First 30 Days Blog

19 dec

How to Become a Natural Leader

JennaSmithPeople aren’t born leaders – they become them. Like many other life skills, leadership is something you learn; with the right tools and education, anyone can master the four components of true leadership:

  • Effective communication
  • Problem-solving
  • Ethical reasoning
  • Goal setting

If you work on cultivating these four key areas, you will soon find yourself increasing your natural ability to lead and guide others. Whether you hope to use leadership skills to motivate a team at work, or to help mentor young people in a youth group, you will quickly find that improving your leadership abilities helps increase your groups’ results. Being a leader, after all, isn’t about bossing people around or telling them what to do; it’s about working together to get a job done.

Here are a few recommendations to improve your leadership skills:

1. Take a leadership course

There are numerous, highly effective leadership courses available, from the Dale Carnegie leadership course to the leadership development program offered by the Army and Navy Academy. Whether you are a student, a working adult, or a full-time parent, there are leadership courses that fit your schedule and your budget. Look for courses that focus on the four components of effective leadership listed above.

2. Engage in specific activities to build leadership strengths

There are specific activities that help build each of the four primary leadership strengths. For instance, to build your communication skills, try playing the Mine Field Game:

  • · Blindfold a partner and verbally lead him or her through a “mine field” of small objects
  • · If the partner touches one of the objects, you lose the game
  • · If you communicate well, helping your partner avoid the mines and reach the other side, then you both win!

3. Seek out opportunities to lead

Leadership education means nothing unless it is paired with tangible, real-world opportunities. If you are a student, see if you can lead an initiative in student government or in your residence hall association. If you are in the workforce, ask if you can take a leadership role on a project or on one of your company’s committees. Then, use your leadership skills to unify your team around the pursuit of a common goal – and work together to accomplish that goal.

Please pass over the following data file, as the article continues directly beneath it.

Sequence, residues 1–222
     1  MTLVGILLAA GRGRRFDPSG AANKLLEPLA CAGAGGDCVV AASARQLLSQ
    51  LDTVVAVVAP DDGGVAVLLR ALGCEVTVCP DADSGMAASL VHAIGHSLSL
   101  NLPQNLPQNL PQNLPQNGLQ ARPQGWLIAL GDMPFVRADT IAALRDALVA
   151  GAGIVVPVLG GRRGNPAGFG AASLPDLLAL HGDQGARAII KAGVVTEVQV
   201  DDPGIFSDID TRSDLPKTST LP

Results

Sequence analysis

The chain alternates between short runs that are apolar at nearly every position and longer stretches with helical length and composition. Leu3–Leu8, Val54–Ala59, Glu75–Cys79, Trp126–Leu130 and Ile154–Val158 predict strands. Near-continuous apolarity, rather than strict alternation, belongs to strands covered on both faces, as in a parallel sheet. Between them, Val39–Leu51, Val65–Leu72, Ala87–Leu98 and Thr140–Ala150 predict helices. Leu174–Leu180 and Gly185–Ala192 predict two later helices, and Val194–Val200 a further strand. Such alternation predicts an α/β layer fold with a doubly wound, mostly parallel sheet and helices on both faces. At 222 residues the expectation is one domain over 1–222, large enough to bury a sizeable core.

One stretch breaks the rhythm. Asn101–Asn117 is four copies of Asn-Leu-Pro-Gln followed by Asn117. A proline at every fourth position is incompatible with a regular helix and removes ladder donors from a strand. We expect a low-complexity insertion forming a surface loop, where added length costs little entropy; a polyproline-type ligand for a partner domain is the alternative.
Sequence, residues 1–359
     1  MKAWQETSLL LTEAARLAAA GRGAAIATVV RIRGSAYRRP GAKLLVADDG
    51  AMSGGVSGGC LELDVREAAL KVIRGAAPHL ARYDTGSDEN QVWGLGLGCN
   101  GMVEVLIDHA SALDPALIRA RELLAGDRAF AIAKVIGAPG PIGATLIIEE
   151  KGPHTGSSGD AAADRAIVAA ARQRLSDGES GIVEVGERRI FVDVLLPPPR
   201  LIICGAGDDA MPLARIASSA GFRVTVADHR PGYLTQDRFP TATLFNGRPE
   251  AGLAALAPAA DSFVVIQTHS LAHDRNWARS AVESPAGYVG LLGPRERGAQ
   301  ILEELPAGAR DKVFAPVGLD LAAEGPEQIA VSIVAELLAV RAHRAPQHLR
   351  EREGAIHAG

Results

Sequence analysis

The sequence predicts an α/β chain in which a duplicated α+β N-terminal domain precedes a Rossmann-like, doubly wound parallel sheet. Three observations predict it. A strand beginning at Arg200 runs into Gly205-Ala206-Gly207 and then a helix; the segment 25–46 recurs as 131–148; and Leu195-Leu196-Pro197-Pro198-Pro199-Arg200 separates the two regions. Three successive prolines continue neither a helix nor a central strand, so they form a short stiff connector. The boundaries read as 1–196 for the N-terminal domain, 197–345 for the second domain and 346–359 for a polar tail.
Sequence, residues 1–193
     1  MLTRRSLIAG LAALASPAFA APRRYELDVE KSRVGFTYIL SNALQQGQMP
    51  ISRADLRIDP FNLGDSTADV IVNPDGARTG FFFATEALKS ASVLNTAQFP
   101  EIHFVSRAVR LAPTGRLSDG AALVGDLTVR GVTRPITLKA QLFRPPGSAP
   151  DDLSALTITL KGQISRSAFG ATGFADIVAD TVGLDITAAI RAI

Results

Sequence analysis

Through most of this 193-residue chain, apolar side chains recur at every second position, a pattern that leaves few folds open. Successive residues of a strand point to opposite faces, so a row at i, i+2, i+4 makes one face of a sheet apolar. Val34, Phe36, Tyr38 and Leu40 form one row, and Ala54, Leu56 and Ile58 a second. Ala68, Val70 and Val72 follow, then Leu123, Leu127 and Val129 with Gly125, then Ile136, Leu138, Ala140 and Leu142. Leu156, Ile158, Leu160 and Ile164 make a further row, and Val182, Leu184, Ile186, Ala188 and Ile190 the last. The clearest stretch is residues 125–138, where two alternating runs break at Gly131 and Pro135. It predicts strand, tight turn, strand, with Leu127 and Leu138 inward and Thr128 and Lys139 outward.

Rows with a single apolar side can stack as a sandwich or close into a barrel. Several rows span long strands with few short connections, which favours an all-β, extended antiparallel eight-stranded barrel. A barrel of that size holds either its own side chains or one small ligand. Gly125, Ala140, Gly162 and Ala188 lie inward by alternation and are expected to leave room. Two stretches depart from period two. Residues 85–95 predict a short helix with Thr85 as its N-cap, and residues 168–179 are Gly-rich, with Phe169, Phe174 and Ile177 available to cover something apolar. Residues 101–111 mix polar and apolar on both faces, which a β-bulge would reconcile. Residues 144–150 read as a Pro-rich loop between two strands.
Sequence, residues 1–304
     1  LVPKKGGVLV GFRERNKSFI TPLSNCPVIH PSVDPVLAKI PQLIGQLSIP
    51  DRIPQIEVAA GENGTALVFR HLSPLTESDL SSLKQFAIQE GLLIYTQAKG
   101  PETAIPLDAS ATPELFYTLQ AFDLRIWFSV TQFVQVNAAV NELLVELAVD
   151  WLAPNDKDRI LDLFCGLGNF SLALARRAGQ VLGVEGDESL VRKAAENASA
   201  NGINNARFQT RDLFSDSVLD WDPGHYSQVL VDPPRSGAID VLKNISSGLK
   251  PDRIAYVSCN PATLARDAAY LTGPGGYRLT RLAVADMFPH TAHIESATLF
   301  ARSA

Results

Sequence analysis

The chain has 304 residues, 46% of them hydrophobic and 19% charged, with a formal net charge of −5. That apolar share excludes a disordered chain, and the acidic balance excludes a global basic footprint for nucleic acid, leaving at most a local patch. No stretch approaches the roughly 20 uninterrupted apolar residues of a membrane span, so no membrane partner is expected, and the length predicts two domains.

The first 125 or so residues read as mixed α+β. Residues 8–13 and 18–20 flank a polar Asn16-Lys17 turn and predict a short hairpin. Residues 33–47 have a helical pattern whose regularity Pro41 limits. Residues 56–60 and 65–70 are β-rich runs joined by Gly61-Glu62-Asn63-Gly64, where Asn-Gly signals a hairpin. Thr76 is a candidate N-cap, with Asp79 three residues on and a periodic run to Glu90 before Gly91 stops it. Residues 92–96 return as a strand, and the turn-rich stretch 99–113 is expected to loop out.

4. Mentor a young person (or seek out an adult mentor)

The teenager/adult mentor relationship is invaluable for building leadership skills, and both the young person and the adult learn how to be better leaders through the process. When you join a mentor relationship, both the mentor and the pupil are able to bring new perspectives to problem solving and goal setting. The young person learns from the adult’s experience, and the adult learns from the teenagers’ fresh perspectives. Both complete the mentor relationship ready to take these new skills back to their peer teams and become more effective leaders as a result.

5. Stand up for an important cause

One way to quickly become a leader is to stand up for an important cause. Maybe you’re a student who wants to improve school lunch quality, like Martha Payne of Never Seconds. Maybe you want your company to institute a better recycling program. Maybe you want your community to build a new park where children can play. If you find a cause in which you truly believe, you often do the work of building leadership skills without even thinking about it.

It’s easy to become a “natural leader”—all you need is an understanding of what makes a leader, and consistently practicing each of leadership’s four key areas.

Leadership education is key to living a successful life, so explore opportunities to build your leadership skills and then seize real-world opportunities in your life to lead.

If you felt moved, inspired, touched, helped, annoyed, or anything after reading this, please let us know. Our wonderful bloggers really do appreciate your comments and feedback. It’s super easy and takes a minute. Click on comments below.

Posted by Jenna Smith on December 19th, 2013 in Career, New Directions | 0 comments Read related posts in ,

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